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An-22 Antonov
An-22 Antei
ASCC codename: Cock
Heavy Transport

Until the advent of the C-5 Galaxy, the An-22 Antei (Antheus) was the world's largest aircraft, and the design remains the world's largest turboprop-powered airplane. The An-22 follows traditional cargo transport design with a high-mounted wing allowing a cargo space 108 ft (33 m) in length and with a usable volume of 22,500 ft (639 m). The An-22 is essentially an enlarged version of the earlier An-12 except the tail was redesigned to incorporate twin vertical tails.

Key to the An-22's performance is its four powerful turboprop engines, each employing contra-rotating propellers that generate a significant slipstream over the wings. Combined with large double-slotted flaps along the wing trailing edge, the An-22 is capable of operating from relatively short runways for a plane of its size. The powerful engines have also allowed the An-22 to set a number of payload and payload-to-height world records.

The landing gear are ruggedized for operations from rough airstrips, and the tire pressures can be adjusted in flight for optimum landing performance. A pressurized forward fuselage provides space for 5 to 8 crew and up to 28 passengers, but the cargo space is unpressurized allowing the rear cargo doors to be opened during flight for paradrops.

Although 100 examples of the An-22 were ordered for the Soviet Air Force and Aeroflot, only about half of these are actually believed to have been built. Approximately 45 remained in service by the mid-1990s, mostly with the Russian Air Force, but these are slowly being replaced by the An-124.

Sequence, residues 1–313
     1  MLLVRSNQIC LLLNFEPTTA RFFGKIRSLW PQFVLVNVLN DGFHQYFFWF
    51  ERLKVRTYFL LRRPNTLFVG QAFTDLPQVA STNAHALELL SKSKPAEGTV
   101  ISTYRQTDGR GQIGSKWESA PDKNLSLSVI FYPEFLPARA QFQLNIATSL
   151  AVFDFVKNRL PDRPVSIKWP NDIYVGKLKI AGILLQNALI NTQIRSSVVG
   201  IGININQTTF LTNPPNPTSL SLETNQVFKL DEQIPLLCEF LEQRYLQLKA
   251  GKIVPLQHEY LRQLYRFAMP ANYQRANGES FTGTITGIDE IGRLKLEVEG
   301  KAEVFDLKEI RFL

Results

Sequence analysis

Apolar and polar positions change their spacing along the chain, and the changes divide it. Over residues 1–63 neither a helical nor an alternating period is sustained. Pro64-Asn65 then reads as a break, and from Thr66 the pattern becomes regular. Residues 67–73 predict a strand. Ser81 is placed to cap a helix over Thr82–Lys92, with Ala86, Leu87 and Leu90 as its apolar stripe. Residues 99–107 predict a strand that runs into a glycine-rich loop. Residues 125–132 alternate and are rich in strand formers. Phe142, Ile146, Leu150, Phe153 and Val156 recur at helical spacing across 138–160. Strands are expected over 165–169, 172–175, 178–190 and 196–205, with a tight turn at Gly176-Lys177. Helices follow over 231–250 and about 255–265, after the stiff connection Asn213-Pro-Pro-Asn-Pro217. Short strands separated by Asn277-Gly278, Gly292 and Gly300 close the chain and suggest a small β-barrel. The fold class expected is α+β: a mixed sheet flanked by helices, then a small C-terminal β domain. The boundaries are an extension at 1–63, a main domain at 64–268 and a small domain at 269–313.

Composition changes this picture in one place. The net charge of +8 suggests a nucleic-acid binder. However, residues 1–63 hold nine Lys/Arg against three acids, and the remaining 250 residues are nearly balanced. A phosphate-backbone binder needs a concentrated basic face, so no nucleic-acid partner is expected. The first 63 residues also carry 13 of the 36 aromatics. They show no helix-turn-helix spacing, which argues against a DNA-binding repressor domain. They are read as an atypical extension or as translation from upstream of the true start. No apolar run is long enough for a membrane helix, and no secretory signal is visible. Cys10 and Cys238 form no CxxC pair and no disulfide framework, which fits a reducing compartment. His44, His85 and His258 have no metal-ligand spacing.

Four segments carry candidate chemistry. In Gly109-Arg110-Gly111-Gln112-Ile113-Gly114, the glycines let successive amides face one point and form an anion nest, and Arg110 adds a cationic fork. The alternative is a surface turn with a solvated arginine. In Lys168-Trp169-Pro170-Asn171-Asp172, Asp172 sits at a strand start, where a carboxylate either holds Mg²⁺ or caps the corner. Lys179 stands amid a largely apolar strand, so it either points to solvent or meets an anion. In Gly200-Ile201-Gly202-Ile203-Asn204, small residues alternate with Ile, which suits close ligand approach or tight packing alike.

Last modified 12 February 2011

First Flight 27 February 1965
Service Entry

1968 (?)

CREW: five: pilot, co-pilot, flight engineer, navigator, radio operator




Wing Root unknown
Wing Tip


Length 189.96 ft (57.90 m)
Wingspan 211.28 ft (64.40 m)
Height 41.11 ft (12.53 m)
Wing Area 3,713.67 ft (345.00 m)
Canard Area

not applicable

Empty 251,325 lb (114,000 kg)
Normal Takeoff unknown
Max Takeoff 551,155 lb (250,000 kg)
Fuel Capacity unknown
Max Payload

176,370 lb (80,000 kg)

Powerplant four Kuznetsov NK-12MA turboprops
Thrust 60,000 shp (44,744 kW)

Max Level Speed at altitude: 460 mph (740 km/h)
at sea level: unknown
cruise speed: 375 mph (600 km/h)
Initial Climb Rate unknown
Service Ceiling 32,780 ft (10,000 m)
Range typical: 2,700 nm (5,000 km) with max payload
ferry: 5,910 nm (10,950 km)
g-Limits unknown

Gun none
Stations none
Air-to-Air Missile none
Air-to-Surface Missile none
Bomb none
Other none

An-22 Production model for a heavy transport; between 50 and 100 built
(?) A model exists that carries outsize cargo piggy-back above the fuselage, can be distinguished by a third tailfin
(?) Proposed civil airliner version to seat 724 passengers on upper and lower decks; not built


Yom Kippur War (Soviet Union, 1973)

Civil Aeroflot
Military Russia, Voyenno Vozdushniye Sili (Russian Air Force)
Union of Soviet Socialist Republics, Voyenno Vozdushniye Sili (Soviet Air Force)



  • Donald, David, ed. The Complete Encyclopedia of World Aircraft. NY: Barnes & Noble, 1997, p. 55.
  • Gunston, Bill, ed. The Encyclopedia of Modern Warplanes. NY: Barnes & Noble, 1995, p. 43.
  • Rendall, David. Jane's Aircraft Recognition Guide, 2nd ed. London: Harper Collins Publishers, 1999, p. 117.
  • Winchester, Jim. Military Aircraft of the Cold War. San Diego, CA: Thunder Bay Press, 2006, p. 16-17, Antonov An-22 Antei 'Cock'.

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